Tuesday, September 15, 2009


Today while around the table with a bunch of other clergy from UMCs in the area one of the pastors asked what we were reading of interest these days.

I answered two-fold:
Dave Ramsey's "Total Money Makeover" and Terry Goodkind's "Law of Nines"

As I listened to the others around the table I heard non-fiction after non-fiction and theology book after theology book.

I began to wonder if I was the only pastor who reads fiction and Sci-Fi at that. I am excited about the continuation of The Wheel of Time series originated by Robert Jordan and being completed by Brandon Sanderson. I read through all of the works by Terry Goodkind and Terry Brooks. I enjoyed the Eragon series and several others.

I was struck if this kind of reading of Sci-Fi was the same kind of dirty little secret that reading Comics is. In particular I love those Apocalyptic literature pieces. I love the debate of theology that comes in reading folks like Terry Goodkind. I am engaged in the learning of other religious traditions that comes in reading and talking about Robert Jordan's works. Terry Brooks writes such inspiring works, and challenges my assumptions here and there, as well as suffering simple lessons in broad strokes.

All the best to you in your reading.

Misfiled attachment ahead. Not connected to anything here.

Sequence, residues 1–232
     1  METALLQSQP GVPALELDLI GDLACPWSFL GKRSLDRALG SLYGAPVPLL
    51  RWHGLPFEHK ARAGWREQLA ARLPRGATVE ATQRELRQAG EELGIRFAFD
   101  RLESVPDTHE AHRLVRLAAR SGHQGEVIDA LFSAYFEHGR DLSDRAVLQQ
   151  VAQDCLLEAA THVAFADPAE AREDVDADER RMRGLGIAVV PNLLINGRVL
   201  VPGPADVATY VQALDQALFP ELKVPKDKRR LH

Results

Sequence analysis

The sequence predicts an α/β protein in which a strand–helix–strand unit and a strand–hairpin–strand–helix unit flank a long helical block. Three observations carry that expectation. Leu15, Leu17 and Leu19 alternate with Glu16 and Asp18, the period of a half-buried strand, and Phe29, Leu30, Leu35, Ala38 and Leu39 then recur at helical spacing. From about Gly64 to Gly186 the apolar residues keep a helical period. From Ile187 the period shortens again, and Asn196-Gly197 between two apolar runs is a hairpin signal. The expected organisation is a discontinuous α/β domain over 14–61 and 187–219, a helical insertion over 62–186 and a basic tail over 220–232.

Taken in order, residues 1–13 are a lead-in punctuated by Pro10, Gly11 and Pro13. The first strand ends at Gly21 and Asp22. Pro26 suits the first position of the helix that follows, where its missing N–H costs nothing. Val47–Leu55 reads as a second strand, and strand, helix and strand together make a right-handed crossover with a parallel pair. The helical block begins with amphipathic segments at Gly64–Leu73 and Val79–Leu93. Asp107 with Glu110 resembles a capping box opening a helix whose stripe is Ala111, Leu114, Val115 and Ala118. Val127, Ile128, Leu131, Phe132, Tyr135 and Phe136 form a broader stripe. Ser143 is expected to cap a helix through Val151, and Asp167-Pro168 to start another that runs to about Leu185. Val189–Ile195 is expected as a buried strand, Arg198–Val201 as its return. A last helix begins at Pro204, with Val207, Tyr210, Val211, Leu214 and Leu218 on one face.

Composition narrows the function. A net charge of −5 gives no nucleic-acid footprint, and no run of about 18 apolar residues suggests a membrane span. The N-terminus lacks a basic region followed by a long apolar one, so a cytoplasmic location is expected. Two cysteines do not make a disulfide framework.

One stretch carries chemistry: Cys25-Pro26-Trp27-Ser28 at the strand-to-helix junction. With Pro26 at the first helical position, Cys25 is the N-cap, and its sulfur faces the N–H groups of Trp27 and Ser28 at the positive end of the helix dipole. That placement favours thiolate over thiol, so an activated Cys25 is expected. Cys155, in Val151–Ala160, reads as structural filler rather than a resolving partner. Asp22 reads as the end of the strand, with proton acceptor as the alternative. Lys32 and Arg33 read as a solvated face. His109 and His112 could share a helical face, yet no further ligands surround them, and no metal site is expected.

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At September 16, 2009, Anonymous David Youngdale said...

Well, David, my own "dirty little secret" is not in reading sci-fi or comics, but in watching spaghetti western dvd's. Needless to say there was some objectionable material in most of these films. Conversely, most of the time there were some very good moral values, and after all the violence and gunplay, it was always a surprising and welcome relief to walk away from a film that you could feel good about watching.

At September 17, 2009, Blogger Daniel Wilcox said...

Hi David,
Well, I've not been a youth pastor for a long time, but I've always been a reader of science fiction and historical fiction...mostly for the joy and fun.

But also such stories dwell very much on how individuals live out their worldviews. As you point out science fiction especially deals with deep philosophical and theological issues.

Of course, I read a lot of history and theology too--that's a given. My wife thinks it's funny that while most guys are watching the superbowl, I am reading some tome of 16th century church history.

In the Light of God,

Daniel Wilcox

At September 19, 2009, Anonymous Anonymous said...

I've read many things in fiction that make me think. Sometimes I have to wade through objectionable language or scenes, in the process, but perhaps that same language is what will grab others' attention to the important messages.
One I just finished is a novel by Steve Lopez (of the L.A. TIMES and author of THE SOLOIST) called THIRD AND INDIANA. Now I need something more lighthearted.
Karen Scott (not really Anon)


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